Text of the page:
(Removes extraneous words in paragraph 11; fixes price change in gold in paragraph 18)
* China’s yuan on track for biggest monthly decline since 1994
* Wall St stocks lower; German real estate lifts European shares
* Euro falls on expectations of aggressive ECB easing
By April Joyner
NEW YORK, Aug 30 (Reuters) - Hopes of easing trade tensions between China and the United States helped a gauge of global stocks edge higher on Friday despite weakness on Wall Street, though caution over pending U.S. tariffs on Chinese goods put the yuan on track for its biggest monthly decline in 25 years.
Statements from U.S. President Donald Trump and China’s commerce ministry on Thursday that the countries were engaged in trade talks brought some respite to equities, which have been roiled this month by escalating trade tensions, including the announcement of further tit-for-tat tariffs.
The pan-European STOXX 600 rose 0.7%, helped by a surge in German real estate shares, though U.S. stocks gave up early gains. The MSCI All-Country World Index rose 0.23%.
On Wall Street, the Dow Jones Industrial Average rose 12.01 points, or 0.05%, to 26,374.26, the S&P 500 lost 1.44 points, or 0.05%, to 2,923.14 and the Nasdaq Composite dropped 30.32 points, or 0.38%, to 7,943.08.
Friday notwithstanding, MSCI’s gauge of global stocks was on track for its second monthly loss of the year and its biggest August percentage decline since 2015.
Market watchers expressed caution given the fluctuating rhetoric around U.S.-China trade relations. Despite recent conciliatory comments, the Trump administration on Sunday is scheduled to begin collecting 15% tariffs on more than $125 billion in Chinese imports, including smart speakers, Bluetooth headphones and many types of footwear.
China’s yuan fell 0.26% to 7.161 per dollar and was on track for its weakest month since Beijing’s currency reform in 1994.
“The U.S.-China situation is like a prisoner’s dilemma,” said Jeremy Gatto, senior vice president and portfolio manager at Unigestion in Geneva. “The parties have more to gain by cooperating, but they’ve almost gone too far back to find a solution.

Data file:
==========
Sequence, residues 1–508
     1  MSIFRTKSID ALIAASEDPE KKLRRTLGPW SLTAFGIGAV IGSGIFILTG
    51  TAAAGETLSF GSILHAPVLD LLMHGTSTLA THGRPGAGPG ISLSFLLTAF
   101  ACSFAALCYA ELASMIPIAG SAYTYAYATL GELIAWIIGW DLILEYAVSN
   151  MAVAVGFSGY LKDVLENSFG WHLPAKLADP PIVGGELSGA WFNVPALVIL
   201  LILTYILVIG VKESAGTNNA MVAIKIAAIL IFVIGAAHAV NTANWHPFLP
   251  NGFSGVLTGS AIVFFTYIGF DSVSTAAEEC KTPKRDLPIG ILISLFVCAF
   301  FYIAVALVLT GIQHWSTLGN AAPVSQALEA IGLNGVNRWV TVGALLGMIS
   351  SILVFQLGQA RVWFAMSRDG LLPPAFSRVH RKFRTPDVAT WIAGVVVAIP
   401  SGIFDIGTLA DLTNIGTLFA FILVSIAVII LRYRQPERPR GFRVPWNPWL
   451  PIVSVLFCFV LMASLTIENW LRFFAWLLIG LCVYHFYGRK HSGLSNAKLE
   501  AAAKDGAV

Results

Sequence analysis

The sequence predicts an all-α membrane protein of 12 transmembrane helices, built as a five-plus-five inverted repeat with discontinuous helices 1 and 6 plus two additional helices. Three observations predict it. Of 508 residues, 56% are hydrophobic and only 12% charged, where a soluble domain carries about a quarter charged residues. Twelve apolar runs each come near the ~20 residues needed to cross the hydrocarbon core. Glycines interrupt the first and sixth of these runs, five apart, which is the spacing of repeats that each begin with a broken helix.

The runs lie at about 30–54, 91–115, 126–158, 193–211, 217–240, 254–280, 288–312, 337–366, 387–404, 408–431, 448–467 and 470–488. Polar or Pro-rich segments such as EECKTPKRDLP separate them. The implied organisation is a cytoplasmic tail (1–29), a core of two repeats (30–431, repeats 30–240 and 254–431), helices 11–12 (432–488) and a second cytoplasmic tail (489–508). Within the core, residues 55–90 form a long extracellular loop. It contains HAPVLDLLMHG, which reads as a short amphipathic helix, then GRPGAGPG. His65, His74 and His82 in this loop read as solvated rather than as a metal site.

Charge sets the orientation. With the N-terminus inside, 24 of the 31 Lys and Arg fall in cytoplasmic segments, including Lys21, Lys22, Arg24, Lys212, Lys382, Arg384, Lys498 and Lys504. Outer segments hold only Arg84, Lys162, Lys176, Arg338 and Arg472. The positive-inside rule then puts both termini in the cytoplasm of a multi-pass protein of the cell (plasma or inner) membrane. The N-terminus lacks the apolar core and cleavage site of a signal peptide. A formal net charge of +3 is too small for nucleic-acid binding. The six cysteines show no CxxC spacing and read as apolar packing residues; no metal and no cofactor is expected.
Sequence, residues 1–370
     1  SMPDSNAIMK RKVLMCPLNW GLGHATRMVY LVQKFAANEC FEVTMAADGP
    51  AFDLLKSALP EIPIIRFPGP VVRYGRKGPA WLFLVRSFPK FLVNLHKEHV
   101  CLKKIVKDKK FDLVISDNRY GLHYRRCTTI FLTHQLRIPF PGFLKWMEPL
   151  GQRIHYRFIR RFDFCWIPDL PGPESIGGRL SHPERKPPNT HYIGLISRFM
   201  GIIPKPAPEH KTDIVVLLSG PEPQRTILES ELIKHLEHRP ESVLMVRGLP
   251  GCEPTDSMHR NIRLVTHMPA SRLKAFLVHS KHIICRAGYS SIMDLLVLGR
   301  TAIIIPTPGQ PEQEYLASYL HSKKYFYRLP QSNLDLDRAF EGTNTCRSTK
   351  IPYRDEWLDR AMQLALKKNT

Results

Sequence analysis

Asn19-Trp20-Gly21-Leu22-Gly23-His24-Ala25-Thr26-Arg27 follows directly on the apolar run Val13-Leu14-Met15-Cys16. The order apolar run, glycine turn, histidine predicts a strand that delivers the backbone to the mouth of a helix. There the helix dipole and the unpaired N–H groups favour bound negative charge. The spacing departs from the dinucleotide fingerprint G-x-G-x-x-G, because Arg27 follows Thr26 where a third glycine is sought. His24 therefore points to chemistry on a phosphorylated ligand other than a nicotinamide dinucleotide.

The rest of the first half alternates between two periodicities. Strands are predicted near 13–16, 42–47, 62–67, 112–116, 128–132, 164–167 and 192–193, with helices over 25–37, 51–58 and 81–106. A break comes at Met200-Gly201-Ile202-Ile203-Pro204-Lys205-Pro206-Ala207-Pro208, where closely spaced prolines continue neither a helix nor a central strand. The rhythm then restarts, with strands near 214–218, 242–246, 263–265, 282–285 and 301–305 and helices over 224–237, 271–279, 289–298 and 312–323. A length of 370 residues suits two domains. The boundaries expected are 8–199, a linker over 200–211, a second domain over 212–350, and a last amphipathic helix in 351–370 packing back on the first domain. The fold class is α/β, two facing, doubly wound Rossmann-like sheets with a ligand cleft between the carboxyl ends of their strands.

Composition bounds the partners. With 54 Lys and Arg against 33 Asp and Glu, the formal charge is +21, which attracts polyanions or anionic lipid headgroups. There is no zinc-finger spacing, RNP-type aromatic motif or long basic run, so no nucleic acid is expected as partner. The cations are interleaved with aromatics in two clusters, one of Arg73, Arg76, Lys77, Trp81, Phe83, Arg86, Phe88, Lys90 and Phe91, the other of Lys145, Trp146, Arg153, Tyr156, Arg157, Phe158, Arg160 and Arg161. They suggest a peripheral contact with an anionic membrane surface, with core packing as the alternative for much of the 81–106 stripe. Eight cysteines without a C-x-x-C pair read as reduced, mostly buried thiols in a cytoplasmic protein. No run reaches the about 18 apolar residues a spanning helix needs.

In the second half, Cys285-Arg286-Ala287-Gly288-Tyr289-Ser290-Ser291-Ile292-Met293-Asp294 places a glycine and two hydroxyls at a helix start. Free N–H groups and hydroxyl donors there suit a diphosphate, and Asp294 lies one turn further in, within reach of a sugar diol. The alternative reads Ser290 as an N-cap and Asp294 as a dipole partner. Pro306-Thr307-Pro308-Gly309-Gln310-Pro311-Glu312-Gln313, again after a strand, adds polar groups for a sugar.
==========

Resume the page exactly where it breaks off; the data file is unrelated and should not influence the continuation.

“We’ll be living with trade war fears for a while to come,” Gatto said.
In fixed-income markets, U.S. Treasury yields treaded water, with the yield curve between 2-year and 10-year notes still inverted. An inversion of the yield curve is widely seen as a signal that a recession is likely in one to two years.
Benchmark 10-year Treasury notes last yielded 1.5163%, from 1.516% late on Thursday.
Euro zone bond yields were capped by data showing inflation remained at 1.0% in August, well below the European Central Bank’s target.
Italian bond yields were on track for their biggest monthly decline in more than six years after the anti-establishment 5-Star Movement and opposition Democratic Party reached an agreement on a coalition government.
Among currencies, the euro tumbled 0.60% to $1.10 after the low euro zone inflation figure raised expectations for aggressive easing by the ECB.
The dollar index rose 0.32%.
The safe-haven Japanese yen rose 0.21% to 106.28 per dollar and was on track for its biggest monthly gain in three months.
Sterling stabilized at $1.2164 ahead of a crucial period for the British parliament before it is suspended ahead of Britain’s scheduled exit from the European Union on Oct. 31.
In commodities, spot gold was little changed at $1,527.46 an ounce. U.S. crude fell 3.05% to $54.98 per barrel and Brent was last at $60.31, down 1.26% on the day.
Reporting by April Joyner; Additional reporting by Karin Strohecker, Saikat Chatterjee and Josephine Mason in London and Swati Pandey in Sydney; Editing by Shri Navaratnam, Hugh Lawson and Dan Grebler